The show has also given a good deal of background to Nelson, making him into something of a sadder character than originally presented. Living in a shack, absentee father, negligent mother, poor (but not Cletus and Brandine poor), unable to afford to go on a field trip, essentially friendless despite being loyal, arsonist, sports star, aspiring whale nuker, entrepreneur, misunderstood auteur- Nelson is a complex figure in the world of The Simpsons, even with his ingrained cruelty. Nevertheless, his most renowned trait is the iconic “Ha-Ha,” which can be used for many an occasion, even if doing it to himself makes him realize “that hurts. No wonder no one came to my birthday party.”
An ongoing series doesn’t usually lend itself to comeuppance. If anything, the opposite occurred where Nelson stopped being just a bully and started being more of a character. Or maybe his crappy living conditions is punishment enough.
Bates High School- Carrie (dir. Brian De Palma, 1976)
It’s one thing to deal with a bully or even a gang of bullies. It’s another when the entire school is against you, and you must come home to a psychotically religious mother every night. That’s what Carrie White had to face in 1976’s Carrie (and, presumably, the upcoming remake). The opening scene of the movie involves her getting abused by her classmates for having her first period in the gym shower, and in response, her mother abuses her for being a sinner.
The situation becomes worse when the senior class organizes the prom just to mess with her. The popular girl befriends Carrie, the cute guy asks her to the dance, and this mousy girl finally gets a chance to feel accepted. Even though her mother’s taunts of “they’re all going to laugh at you” were essentially correct, they were still rude.
As everybody knows by now, on prom night, she is voted Prom Queen. During her moment of victory, they dump pig’s blood on her.
She kills (practically) everyone, including John Travolta.
Buddy Ackerman- Swimming with Sharks (dir. George Huang, 1994)
Bullies don’t just exist in school. They exist throughout one’s personal and professional life, and that’s where Swimming with Sharks fits in. Released around the time of Se7en and The Usual Suspects, the lesser-known dark Hollywood satire Swimming for Sharks completed a standout trilogy for Kevin Spacey, one that he has never managed to equal.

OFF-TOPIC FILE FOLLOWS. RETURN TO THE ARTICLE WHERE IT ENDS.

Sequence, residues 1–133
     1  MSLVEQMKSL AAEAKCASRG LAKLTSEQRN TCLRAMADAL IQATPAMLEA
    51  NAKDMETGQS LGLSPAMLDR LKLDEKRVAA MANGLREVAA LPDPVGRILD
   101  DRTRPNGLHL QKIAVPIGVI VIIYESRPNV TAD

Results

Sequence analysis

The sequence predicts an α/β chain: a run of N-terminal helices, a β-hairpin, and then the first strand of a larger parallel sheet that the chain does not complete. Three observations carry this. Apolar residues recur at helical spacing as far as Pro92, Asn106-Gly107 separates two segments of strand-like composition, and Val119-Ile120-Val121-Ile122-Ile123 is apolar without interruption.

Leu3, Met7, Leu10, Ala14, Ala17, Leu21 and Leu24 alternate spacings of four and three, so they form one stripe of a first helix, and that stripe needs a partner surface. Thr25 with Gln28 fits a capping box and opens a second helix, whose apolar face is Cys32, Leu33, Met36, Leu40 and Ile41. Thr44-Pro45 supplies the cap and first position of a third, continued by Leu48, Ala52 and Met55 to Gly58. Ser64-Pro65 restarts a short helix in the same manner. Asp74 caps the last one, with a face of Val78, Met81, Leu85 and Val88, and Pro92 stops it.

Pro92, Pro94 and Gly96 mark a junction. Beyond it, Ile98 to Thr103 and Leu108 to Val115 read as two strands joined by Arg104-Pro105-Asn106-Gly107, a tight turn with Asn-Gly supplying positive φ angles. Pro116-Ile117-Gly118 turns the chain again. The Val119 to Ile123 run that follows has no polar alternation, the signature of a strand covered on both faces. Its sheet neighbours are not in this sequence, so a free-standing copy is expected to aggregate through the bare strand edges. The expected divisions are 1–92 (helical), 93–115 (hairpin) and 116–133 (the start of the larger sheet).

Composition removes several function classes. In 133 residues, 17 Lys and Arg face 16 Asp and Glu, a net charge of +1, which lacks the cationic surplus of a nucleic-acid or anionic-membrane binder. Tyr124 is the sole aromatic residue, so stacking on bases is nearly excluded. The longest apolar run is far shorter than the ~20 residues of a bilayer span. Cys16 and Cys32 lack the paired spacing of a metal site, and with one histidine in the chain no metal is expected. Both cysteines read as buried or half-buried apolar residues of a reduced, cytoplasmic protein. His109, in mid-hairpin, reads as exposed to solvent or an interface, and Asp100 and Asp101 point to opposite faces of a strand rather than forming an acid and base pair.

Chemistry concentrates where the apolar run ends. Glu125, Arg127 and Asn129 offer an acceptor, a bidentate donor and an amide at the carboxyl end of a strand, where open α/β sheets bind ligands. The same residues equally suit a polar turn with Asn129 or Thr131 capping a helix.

In Sharks, Spacey plays Buddy Ackerman, a sadistic motion picture executive who takes out all of his aggression (and then some) on his assistant (Guy, played by Pulp Fiction‘s Frank Whaley). The horrible boss played by Spacey in Horrible Bosses had nothing on Ackerman. Spacey’s Lex Luthor in Superman Returns had nothing on Ackerman.
After being fired and learning about a potential affair between his ex-boss and girlfriend Dawn, Guy turns his tables on his abuser by holding Ackerman at gunpoint and putting him through physical torture, even if Buddy’s torments were mostly mental. However, the film is more than just the bullied becoming a bully, it’s also about how people become hardened, why they turn into monsters, having to scrap for what one wants, and the lengths people will go to achieve their goals and reap vengeance. It’s the truly dark (and superior) alternative to Horrible Bosses.
Buddy’s victim kidnaps, tortures, and threatens to kill him. However, Buddy saves his own life by giving Guy a promotion and covering up the murder of a witness. Guy ends up adopting the same outlook as his superior.
Buddy Revell-Three O’Clock High (dir. Phil Joanou, 1987)
Very few people have seen Three O’Clock High, which is unfortunate because it is one of the most ridiculous teen movies to come out of the 80s. When schlubby nerd Jerry Mitchell (Casey Siemaszko) accidentally crosses newly-enrolled psychopath Buddy Revell (Richard Tyson), he is promised the beating of the century. Told that he is going to fight at three o’clock in the parking lot, Jerry does everything he can to get out of going against Buddy. When he tries to bribe his way out of the fight, Buddy calls him a coward and Jerry decides he’ll fight him after all.